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The 7 Needs of Caregivers

The 7 Needs of Caregivers

1. Education about Parkinson’s disease

• Understand the symptoms and learn about available treatments.

• Consider the impact of Parkinson’s and your role in caregiving on everyday life.

2. Time management

• Make daily and weekly lists of things to do, keep it manageable and realistic

• Prioritize: do the important or difficult things first.

• Save up errands to do more of them at one time.

• Try to accomplish a small task when you know you will have to wait.

• Delegate what can be delegated and determine and avoid unnecessary tasks.

• Take breaks and protect yourself from doing too much

• Break large tasks into smaller, more manageable parts

• Establish and stick to routines.

• Acknowledge that some time will be spent on things beyond your control.

3. Self-care, health and respite

• Build in quality time for yourself (1–1½ hours a day, if possible) and protect it.

• Keep up with your own needs, hobbies, and regular activities.

• Exercise: it leads to better sleep, decreased tension and depression and increased energy.

• Eat a balanced, nutritious diet and drink water.

• Recognize stress in yourself, get enough rest, and take time to relax.

• Maintain a sense of humor.

• Get regular check-ups and keep your own medical appointments.

• Think about your future, goals you hope to achieve and how can you achieve them?

• Set limits and stick to them.

• Bring in outside help (family or paid worker) so that you can take a break.

4. A support team

• Share the care. Get assistance and support as needed (physical and emotional).

    o Develop your coping skills. Caregivers experience a wide variety of emotions and it is OK to feel sad or frustrated at times. It’s okay to grieve the losses that you and your loved one may experience.

    o Take time to enjoy life and focus on the present, the needs, and rewards of the day. Give yourself credit, not criticism and guilt, and try to forgive any mistakes.

    o Use positive self-talk: for example, tell yourself, “I am doing a good job.”

    o Writing – in a journal or other format – can help you work through your feelings and emotions (What causes sadness for you? Or joy?)

• Develop your emotional and spiritual support networks.

    o Include your health care team (physician, nurse, social worker, etc.), family, friends, neighbors, support group and individual support group members, clergy, volunteers, and online support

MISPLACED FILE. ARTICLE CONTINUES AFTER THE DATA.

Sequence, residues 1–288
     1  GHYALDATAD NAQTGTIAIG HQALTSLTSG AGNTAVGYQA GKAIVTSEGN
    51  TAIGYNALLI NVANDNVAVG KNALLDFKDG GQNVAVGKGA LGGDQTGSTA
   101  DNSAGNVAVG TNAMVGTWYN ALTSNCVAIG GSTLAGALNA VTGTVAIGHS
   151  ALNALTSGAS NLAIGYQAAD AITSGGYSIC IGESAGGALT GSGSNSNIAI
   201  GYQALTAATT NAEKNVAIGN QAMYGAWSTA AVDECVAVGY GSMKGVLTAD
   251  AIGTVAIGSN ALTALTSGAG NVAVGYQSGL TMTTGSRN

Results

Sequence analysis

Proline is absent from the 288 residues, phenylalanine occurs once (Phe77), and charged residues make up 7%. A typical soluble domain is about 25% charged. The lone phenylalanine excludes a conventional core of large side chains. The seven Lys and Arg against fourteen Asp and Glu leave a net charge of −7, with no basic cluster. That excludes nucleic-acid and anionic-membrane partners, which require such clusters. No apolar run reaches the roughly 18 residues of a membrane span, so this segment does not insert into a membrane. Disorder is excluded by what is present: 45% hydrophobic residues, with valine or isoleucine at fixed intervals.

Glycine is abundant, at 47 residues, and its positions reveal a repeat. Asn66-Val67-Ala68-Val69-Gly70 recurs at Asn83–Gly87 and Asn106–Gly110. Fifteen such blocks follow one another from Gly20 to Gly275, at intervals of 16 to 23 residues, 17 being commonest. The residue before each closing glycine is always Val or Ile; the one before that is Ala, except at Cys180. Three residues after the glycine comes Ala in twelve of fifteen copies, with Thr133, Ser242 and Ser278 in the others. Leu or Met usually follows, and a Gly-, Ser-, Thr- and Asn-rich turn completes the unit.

forums.

    o Seek comfort from your faith, faith community, and spiritual practices.

    o Adjust your expectations: Life and you are not perfect. Accept changes as they occur.

• Be aware of the core symptoms of depression:

    o Sleeplessness

    o Loss of appetite

    o Difficulty concentrating

    o Feeling slowed down or restless inside

    o No interest in once-pleasurable activities

    o Thoughts of death or suicide

    o Feelings of hopelessness and worthlessness

If you think you may be depressed, talk to a doctor or mental health professional about your symptoms.

    o Get help if necessary. Remember, it is strength not a weakness, to ask for help, including emotional help or counseling. Depression is different in each person.

    o Acknowledge any symptoms you experience that could signal depression; you should not feel embarrassed or ashamed.

• Find a supportive professional that you trust and with whom you feel comfortable. In most cases, depression is effectively treated with psychotherapy, antidepressant medications, or a combination of both.

• Activities such as regular exercise, spirituality, supportive social interactions, and meditation are also very beneficial.

5. Your relationship with the person with Parkinson’s

• Maintain open communication.

• When conversing, remove or turn off loud and distracting noises.

• Express love and appreciation as well as concerns and feelings of frustration. Don’t let those feelings transform into resentments.

• Share special time together apart from caregiving tasks.

6. Medical, financial and care decisions

• Define and clarify issues, including family participation in caregiving, advance directives, long-term care options or other topics.

• Devise steps for carrying out these plans.

• When making decisions about hands-on care, ask if your decision promotes your loved one’s independence: Do not confuse “caring” with “doing.”

7. Community resources

• Take advantage of physical and practical assistance and products.

• See what resources local associations have to offer.

• Seek education materials from Parkinson’s disease organizations

• Get legal documents (e.g., power of attorney for health care) in order.

• Explore resources for financial assistance, e.g., disability.

• Reach out to a variety of professionals, such as specialist physicians, nurses, therapists, socialworkers and clergy.

Adapted from publication Caring and Coping by National Parkinson Foundation